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Article Italy: New Consolidated Forestry and Forest Supply-Chain Law Takes Effect

(May 11, 2018) On May 5, 2018, a new law on forestry and forest supply chains came into effect in Italy. (Legislative Decree No. 34 of April 3, 2018, Consolidated Text on Forests and Supply Chains) (L.D. No. 34), GAZZETTA UFFICIALE (G.U.) Apr. 20, 2018 (in Italian), G.U. website.)

General Purpose of the New Legislation

The Italian national forestry heritage is said to represent 39% of the national territory, with 32.4% of the forests under the control of the state, the regions, or the municipalities.  (Il Nuovo Testo Unico Forestale è Stato Approvato [The New Consolidated Forestry Text Is Approved], GREENREPORT.IT (Mar. 16, 2018).) The purpose of the new law is to harmonize the national legislation concerning forestry and forest supply chains and to formulate national guidelines for the programming, planning, protection, and active management of the national forestry heritage, in particular of the mountainous areas throughout the country. (Approvato il Testo Unico Forestale, Positivo il Giudizio di Legambiente [Consolitated Forestry Text Approved, Legambiente’s Opinion Is Positive] LEGAMBIENTE (Mar. 16, 2018).)

Principles Governing the Italian Forestry Sector

The new law enumerates the principles that govern the national forestry heritage, seeking to protect the public interest and guarantee the well-being of current and future generations. (L.D. No. 34, art. 1.) The legislation also aims at, among other goals, protecting the ecological diversity of forests, preventing natural and man-made risks, protecting rivers, securing the participation of local communities in forestry development, and promoting forestry research and environmental education. (Id. art. 2(2).)

Basic Definitions

The new law defines areas that are classified as forests for regulatory purposes and those excluded from that definition. (Id. arts. 4 & 5.)  The law also defines forestry management activities, which include phytosanitary initiatives, control of forest fires, reforestation and afforestation, agro-silvo-pastoral activities, and forest-hydraulic projects. (Id. art. 7(1).) Additionally, the law includes provisions on naturally-growing non-wood forestry products used in food and nonfood products, and natural forest materials used for such purposes as household consumption of firewood, commercial collection of forest timber, or the harvest of genetically-modified forestry products. (Id. arts. 11 & 13(1); Legislative Decree No. 386 of Nov. 10, 2003, Implementation of Directive 1999/105/CE on the Commercialization of Forestry Multiplication Materials, art. 17(1), G.U. Jan. 29, 2004 (in Italian), G.U. website.)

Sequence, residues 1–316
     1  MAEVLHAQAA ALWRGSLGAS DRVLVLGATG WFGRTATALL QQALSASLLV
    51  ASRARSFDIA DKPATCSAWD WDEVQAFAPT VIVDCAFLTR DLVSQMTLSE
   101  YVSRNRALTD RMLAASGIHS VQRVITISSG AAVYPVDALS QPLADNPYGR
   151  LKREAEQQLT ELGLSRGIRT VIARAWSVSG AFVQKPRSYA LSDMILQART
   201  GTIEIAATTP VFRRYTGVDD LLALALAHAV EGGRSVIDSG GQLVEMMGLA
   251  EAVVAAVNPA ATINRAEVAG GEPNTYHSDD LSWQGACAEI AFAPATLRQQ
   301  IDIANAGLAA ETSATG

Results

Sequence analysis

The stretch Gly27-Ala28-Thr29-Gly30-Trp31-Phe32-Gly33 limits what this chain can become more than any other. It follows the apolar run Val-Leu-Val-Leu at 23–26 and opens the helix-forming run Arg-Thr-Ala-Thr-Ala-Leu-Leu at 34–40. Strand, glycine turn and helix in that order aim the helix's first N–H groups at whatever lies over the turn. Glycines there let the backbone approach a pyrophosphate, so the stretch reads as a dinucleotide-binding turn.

Forestry Planning at the National and Regional Levels

 The law mandates that the national government approve a National Forestry Strategy, which must be in tune with European Union forestry principles and updated every five years. (L.D. No. 34, art. 6(1).) Italian regions preserve the power to regulate certain aspects of the forests under their jurisdiction through regional forestry programs, which are subject to national legislation and guidelines. (Id. art. 6(5) & (6).) The Law mandates that the national government approve regulations establishing minimum national criteria for declaring that certain forests are in a state of abandonment, thus allowing their use for agro-pastoral activities. (Id. art. 7(11).)

The new law directs Italian regions to promote the growth of companies operating in the forestry and environmental sectors. (Id. art. 10(1).) To that effect, regions must create rosters of local companies and cooperatives engaged in forestry activities and establish financial and other incentives for such activities. (Id. art. 10(3)–(14).)

Transformation of Forests and Compensation for Environmental Damage

For legal purposes, any elimination of tree vegetation or existing trees for purposes other than forestry management is regarded as a transformation of the forest that causes environmental damage, for which compensation must be paid. (Id. art. 8(1) & (2).) Such transformative activities include improvement and restoration of forests; reforestation and creation of new forests, particularly native species; implementation of forestry infrastructure, especially hydraulic systems; and programs for the prevention of forest fires. (Id. art. 8(4).)

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